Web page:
It is true that inflation is on the rise in most countries. But economists heard by G1 they say that the comparison made by Guedes has little foundation.
In eurozone countries, the Eurostat agency found inflation of 2.2% in July. It is the highest rate since October 2018 and above economists’ expectations of 2.0%. But the European Central Bank has signaled that shocks are likely to ease in the coming months and is unlikely to change its monetary policy.
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Compared to the Europeans, Brazil did exactly the opposite: it entered a course of rising interest rates to contain inflation. In July, the Extended National Consumer Price Index (IPCA) ended the month up 8.99% in 12 months. The Monetary Policy Committee (Copom) made four increases in the basic interest rate, the Selic, and two major changes in the course of its monetary policy.
First, the Copom had stated that it monitored inflationary shocks, but sought a neutral level of real interest in the country. At the last meeting, the “neutral” level limitation was abandoned, which shows a willingness to increase the Selic rate to the extent necessary to contain the rise in prices.
In 2021, the center of the country’s inflation target is 3.75%, with a ceiling of 5.25%. There is no hope for the Copom to achieve this objective. According to the Focus bulletin, a survey conducted by the Central Bank (BC) with financial market agents, the estimate for this year’s IPCA is 7.11%, the 20th consecutive increase in the weekly report.
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If there is any resemblance to the United States, it is in the official inflation rate higher than the standard. In the 12 months through July, the consumer price index in the country increased by 5.4%. The causes, however, have little to do with the inflationary shocks present in Brazil.
There, the accelerated recovery of the economy – driven by unprecedented stimuli in the country and the reheating of the services sector – are added to the interruptions in the industrial supply chain as the main drivers of the rise in prices.
In Brazil, there is a different equation. In common with other countries, there is some price pressure due to the scarcity of inputs in the industry. But the country suffers more with its particularities.
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One of them is a severe water crisis, which increases the price of production of goods, services and, especially, housing. In last month’s result alone, housing costs rose 3.1%, pulled by electricity, which rose 7.88%.
The drought forced the National Electric Energy Agency (Aneel) to raise the energy tariff to the maximum level charged to consumers through the tariff flag system and also readjust the red flag level 2 price ceiling by 52%.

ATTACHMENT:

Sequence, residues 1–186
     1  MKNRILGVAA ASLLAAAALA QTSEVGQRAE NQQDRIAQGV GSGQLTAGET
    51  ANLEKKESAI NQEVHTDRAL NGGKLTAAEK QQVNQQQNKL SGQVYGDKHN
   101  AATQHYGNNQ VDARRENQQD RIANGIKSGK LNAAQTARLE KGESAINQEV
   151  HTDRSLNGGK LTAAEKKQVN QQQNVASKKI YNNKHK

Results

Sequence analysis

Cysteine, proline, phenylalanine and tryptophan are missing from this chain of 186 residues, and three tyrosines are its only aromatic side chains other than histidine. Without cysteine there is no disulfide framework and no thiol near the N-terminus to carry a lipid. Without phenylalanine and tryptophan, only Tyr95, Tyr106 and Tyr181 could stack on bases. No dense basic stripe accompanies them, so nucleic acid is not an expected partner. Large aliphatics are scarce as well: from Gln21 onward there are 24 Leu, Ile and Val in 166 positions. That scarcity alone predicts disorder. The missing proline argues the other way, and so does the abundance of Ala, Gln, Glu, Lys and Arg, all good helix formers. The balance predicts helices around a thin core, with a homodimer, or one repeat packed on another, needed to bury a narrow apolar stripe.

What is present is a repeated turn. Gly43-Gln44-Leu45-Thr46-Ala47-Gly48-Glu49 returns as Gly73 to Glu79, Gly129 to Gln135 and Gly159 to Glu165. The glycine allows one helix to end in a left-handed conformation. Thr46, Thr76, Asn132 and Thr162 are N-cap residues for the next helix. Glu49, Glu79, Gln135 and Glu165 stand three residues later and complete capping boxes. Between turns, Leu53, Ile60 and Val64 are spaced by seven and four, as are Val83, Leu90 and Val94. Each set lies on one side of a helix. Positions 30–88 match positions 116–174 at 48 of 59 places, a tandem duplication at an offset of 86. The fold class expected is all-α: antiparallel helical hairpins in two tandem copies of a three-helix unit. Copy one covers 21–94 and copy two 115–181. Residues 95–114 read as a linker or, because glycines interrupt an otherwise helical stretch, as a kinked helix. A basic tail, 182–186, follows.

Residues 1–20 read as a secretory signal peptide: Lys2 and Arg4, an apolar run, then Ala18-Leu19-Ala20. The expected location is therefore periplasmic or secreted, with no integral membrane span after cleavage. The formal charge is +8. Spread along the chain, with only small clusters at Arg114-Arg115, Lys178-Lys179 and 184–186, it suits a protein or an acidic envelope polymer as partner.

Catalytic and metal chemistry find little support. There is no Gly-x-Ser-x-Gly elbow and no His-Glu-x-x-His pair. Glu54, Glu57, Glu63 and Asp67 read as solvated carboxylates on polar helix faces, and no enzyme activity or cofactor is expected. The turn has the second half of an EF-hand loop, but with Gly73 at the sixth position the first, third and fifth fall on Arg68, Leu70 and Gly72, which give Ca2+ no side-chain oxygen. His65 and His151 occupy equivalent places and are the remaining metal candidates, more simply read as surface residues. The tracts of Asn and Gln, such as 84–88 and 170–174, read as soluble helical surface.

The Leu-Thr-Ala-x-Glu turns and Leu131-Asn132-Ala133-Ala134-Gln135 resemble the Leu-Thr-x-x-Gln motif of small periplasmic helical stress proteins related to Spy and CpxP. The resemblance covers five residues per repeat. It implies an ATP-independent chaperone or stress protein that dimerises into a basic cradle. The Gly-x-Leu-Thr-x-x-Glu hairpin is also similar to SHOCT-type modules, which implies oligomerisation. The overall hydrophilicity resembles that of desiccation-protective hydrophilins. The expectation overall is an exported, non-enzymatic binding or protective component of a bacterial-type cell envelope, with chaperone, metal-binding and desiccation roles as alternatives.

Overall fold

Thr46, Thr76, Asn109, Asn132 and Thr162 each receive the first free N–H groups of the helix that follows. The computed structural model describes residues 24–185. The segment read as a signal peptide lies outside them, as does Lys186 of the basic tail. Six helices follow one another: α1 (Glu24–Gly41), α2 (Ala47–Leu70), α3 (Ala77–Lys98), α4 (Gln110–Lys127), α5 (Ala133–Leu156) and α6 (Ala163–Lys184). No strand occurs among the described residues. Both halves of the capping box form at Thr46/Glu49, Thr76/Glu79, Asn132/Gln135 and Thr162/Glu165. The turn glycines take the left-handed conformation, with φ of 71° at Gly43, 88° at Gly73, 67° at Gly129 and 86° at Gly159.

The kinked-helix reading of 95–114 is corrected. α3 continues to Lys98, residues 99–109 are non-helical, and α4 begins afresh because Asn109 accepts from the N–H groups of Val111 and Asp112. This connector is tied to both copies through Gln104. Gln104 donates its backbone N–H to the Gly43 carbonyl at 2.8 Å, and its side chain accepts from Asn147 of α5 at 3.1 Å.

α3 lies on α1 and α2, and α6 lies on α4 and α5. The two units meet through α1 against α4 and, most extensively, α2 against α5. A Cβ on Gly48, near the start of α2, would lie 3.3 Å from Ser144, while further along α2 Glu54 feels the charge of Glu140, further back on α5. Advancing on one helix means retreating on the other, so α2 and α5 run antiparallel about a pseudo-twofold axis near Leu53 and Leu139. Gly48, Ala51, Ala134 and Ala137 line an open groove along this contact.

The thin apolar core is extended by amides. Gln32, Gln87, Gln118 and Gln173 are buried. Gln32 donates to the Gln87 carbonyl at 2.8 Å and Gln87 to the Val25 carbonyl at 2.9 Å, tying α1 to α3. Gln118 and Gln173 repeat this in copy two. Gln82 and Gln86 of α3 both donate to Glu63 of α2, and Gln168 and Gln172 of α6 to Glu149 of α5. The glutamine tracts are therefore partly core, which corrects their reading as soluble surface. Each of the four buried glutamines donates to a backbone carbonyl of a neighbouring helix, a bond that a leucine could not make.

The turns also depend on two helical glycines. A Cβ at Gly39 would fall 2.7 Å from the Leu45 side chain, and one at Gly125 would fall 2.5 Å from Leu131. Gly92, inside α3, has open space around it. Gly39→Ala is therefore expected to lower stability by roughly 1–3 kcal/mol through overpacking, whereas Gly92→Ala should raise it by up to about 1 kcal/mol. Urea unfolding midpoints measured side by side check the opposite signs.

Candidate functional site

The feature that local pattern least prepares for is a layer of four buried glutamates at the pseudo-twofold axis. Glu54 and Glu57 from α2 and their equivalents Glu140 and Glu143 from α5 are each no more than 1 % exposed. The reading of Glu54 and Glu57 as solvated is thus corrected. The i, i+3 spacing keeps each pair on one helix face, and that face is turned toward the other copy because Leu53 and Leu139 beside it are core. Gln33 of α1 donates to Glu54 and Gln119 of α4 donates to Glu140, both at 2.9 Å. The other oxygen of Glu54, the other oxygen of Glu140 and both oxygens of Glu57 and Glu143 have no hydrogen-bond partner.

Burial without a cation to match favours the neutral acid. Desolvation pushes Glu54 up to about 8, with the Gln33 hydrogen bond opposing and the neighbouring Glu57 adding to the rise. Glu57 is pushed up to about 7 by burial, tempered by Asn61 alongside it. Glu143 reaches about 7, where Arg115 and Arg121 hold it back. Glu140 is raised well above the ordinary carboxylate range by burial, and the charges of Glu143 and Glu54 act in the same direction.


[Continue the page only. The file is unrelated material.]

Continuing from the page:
Another is the fiscal disorganization and the political crisis caused by President Jair Bolsonaro, which increase the distrust of international investors and impact the exchange rate. The devalued real favors exports and depletes the domestic market. This is the origin of the rise in food prices, which had an aggravation of the last month’s frosts.
Financial market raises inflation estimate to 7.11% in 2021 and sees lower GDP growth
There was also a sharp rise in the price of commodities on the international market, caused by the reheating of powerful economies such as China. If, on the one hand, domestic exporters benefited from demand, on the other there was an increase in the price of inputs. More expensive oil, quoted in dollars, reflects on fuel prices. Wheat, in flour and in food value – and so on.
For economist Juan Jensen, a partner at 4E Consultoria, there was, indeed, global pressure on commodities, but this is a process that is already reversing. Furthermore, a commodity cycle should have reduced the value of the dollar (and therefore of the products that the US currency influences here) by the inflow of money into the country, but domestic problems overlap.
“The prospects for the country are not good. The fiscal is not good, growth for next year should be low. Guedes is wanting to evade responsibility, either his or the Central Bank,” says Jensen.
Sérgio Vale, chief economist at MB Associados, agrees and states that additional pressures on the exchange rate, energy and commodities should persist in 2022.
The analyst recalls that, despite some elements of comparison, inflation expectations in Brazil are more difficult to control than in the United States or Europe. “Our economy has more complicated inertial and structural components than the US economy,” he says.
“The minister is right in saying that the BC will act. The pity is that he will act alone because the fiscal pressure in an election year will leave him abandoned in the fight”, says Vale.
Fábio Romão, an economist at LCA Consultores, says that it is normal for our inflation rates to be higher than those of more developed economies, but he also explains that the level of inflation that the country has reached creates an uncomfortable inertia for next year.
“The American economy also felt the pandemic, but it is accompanied by many incentives to see a stronger GDP this year. Europe has much lower growth rates and carries less inflation,” he says.